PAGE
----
“Even as a hawke fleeth not hie with one wing, even so a man reacheth not to excellency with one tongue.”—Roger Ascham.

We have seen that philology offers no proof of a universal primitive language. The question now arises, Is there any probability of a universal future language? Does it seem likely that the day will ever come when all men shall be of one speech? The noble Indo-Germanic race has carried its power and its conquests over a vast surface of the globe, and our own tongue —which receives by common consent the meed of the most powerful of existing languages—is probably spoken by at least a hundred millions of the human race. Have we any reason to believe that English will hereafter prevail over every other dialect, and become in some form or other the language of the world?

That the Arian race is the destined inheritor of the future world seems clear to the least discriminating glance, because it has proved itself to be the race most capable of perfectibility, and therefore most worthy of power. But that any one language spoken by the various branches of their race will ultimately prevail to the exclusion of all others is an event which hardly seems probable; if probable, it is still in the present state of the world undesirable; and even were it certain, yet the permanent existence of such a language is incompatible with the present condition of human intelligence.

1. The development of a future universal language seems improbable. It is true that dialects become merged in languages, and these languages lost in others still more extensive, just as streams flow into rivers, and rivers into the sea. It is true that diversity of idioms is the characteristic of barbarism, and unity the slow result of civilisation. But against these considerations we must set the extraordinary tenacity of national associations and national characteristics. However far we may look into the future, we see nothing to show us that the distinctions of nations were not intended to be as permanent as the oceans that divide them; and nothing to make us expect that all humankind will be gathered hereafter (in its present general condition) under one universal empire, and into one school of religion and of thought.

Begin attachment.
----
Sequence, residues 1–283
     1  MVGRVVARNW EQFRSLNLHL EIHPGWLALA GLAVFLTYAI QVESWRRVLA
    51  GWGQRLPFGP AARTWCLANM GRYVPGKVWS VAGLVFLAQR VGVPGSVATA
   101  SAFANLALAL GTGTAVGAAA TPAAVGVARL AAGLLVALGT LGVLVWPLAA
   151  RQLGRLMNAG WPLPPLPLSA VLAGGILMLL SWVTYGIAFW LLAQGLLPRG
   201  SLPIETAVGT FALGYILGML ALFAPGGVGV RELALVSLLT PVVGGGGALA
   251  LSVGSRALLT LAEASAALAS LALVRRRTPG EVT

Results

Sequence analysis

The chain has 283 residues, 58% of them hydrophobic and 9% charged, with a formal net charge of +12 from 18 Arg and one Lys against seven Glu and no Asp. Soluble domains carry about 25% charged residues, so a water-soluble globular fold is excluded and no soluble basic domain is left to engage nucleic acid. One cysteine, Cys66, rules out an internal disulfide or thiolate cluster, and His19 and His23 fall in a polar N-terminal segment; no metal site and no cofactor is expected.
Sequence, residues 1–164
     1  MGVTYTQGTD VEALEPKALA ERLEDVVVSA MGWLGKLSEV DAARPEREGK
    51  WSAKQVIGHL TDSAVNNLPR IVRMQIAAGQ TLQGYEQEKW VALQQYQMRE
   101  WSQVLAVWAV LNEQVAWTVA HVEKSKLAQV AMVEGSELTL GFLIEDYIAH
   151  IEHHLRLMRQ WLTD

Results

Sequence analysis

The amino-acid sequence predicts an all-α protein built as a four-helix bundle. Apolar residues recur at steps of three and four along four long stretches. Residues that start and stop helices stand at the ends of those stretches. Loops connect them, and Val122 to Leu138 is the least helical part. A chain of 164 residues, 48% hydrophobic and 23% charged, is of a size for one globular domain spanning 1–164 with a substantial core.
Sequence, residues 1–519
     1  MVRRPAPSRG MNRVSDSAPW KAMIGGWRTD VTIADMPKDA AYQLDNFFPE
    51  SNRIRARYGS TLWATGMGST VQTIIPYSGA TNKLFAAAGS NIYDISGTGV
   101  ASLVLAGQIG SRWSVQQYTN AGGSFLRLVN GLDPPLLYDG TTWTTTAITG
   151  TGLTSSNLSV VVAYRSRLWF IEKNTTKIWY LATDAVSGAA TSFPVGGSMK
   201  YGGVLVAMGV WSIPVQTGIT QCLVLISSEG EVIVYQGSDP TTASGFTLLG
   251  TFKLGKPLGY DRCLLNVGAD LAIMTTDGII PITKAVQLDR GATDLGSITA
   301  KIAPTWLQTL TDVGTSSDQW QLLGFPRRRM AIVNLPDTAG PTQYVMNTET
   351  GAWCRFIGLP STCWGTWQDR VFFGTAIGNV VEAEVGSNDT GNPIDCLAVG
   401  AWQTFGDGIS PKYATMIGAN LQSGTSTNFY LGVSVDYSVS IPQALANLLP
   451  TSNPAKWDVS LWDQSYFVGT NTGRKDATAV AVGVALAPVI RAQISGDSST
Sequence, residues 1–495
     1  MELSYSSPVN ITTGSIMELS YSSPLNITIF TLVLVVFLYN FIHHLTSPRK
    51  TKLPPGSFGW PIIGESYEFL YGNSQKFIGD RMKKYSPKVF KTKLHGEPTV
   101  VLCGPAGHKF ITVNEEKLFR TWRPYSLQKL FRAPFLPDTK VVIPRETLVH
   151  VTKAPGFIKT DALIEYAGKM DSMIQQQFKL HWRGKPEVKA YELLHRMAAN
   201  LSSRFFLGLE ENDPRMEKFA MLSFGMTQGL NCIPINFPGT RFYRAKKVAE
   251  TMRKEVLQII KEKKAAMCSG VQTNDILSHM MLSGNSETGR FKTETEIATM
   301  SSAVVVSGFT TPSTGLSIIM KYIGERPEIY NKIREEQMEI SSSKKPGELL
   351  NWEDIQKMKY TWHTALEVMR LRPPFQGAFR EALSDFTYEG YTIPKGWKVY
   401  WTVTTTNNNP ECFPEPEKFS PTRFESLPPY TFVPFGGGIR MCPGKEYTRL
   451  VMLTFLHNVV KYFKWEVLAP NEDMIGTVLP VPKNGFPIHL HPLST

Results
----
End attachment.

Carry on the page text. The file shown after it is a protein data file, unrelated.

2. But even were it probable that there would be only one language hereafter, such a consummation would not be desirable, because it would greatly hinder the search for truth, and would tend to reduce men to a dead level of uniformity, a Chinese dryness and mediocrity of intelligence. It is, indeed, conceivable that a universal growth of mammon-worship, making merchandise almost the only occupation of mankind, might tend to give to languages that form of practical abbreviation which we find in telegraphic despatches, and which, to economise phrases and expense, neglects grammar, and puts down the smallest possible number of words, with no desire beyond that of being barely understood.[269] But such abbreviation, useful as it may be for certain purposes, would, if applied to all the forms of language, despoil it for ever of all ornament and all poetic charm, and so far from enabling us to rival the noble languages of antiquity, would reduce us to a condition from which the instincts of our race would inevitably break loose, to begin a fresh career of discovery and thought.

“Truths,” said Coleridge,[270] “of all others the most awful and interesting are too often considered so true that they lose all the power of truth, and lie bed-ridden in the dormitory of the soul, side by side with the most despised and exploded errors.” By frequent use, as by repeated attrition, the brightness and beauty of a word is worn bare, and it requires a distinct effort of attention to restore the full significance to the forms of expression with which we are most familiar. “Hence it is,” says Mr. Mill,[271] “that the traditional maxims of old experience, though seldom questioned, have often so little effect on the conduct of life, because their meaning is never, by most persons, really felt, until personal experience has brought it home. And thus, also, it is that so many doctrines of religion, ethics, and even politics, so full of meaning and reality to first converts, have manifested a tendency to degenerate rapidly into lifeless dogmas, which tendency all the efforts of an education expressly and skilfully directed to keeping the meaning alive are barely found sufficient to counteract.” The weight and importance of these remarks will best be felt by those who have observed how new and rare meanings are perceived when we read the words, for instance, of Holy Writ in their original language, and lose sight for a moment of those groundless fancies with which long association has confused our perception. To study the Bible in other languages than our own is like looking upon the Urim and Thummim when, for him who rightly consulted it, the fire of the divine messages flashed upon its oracular and graven gems.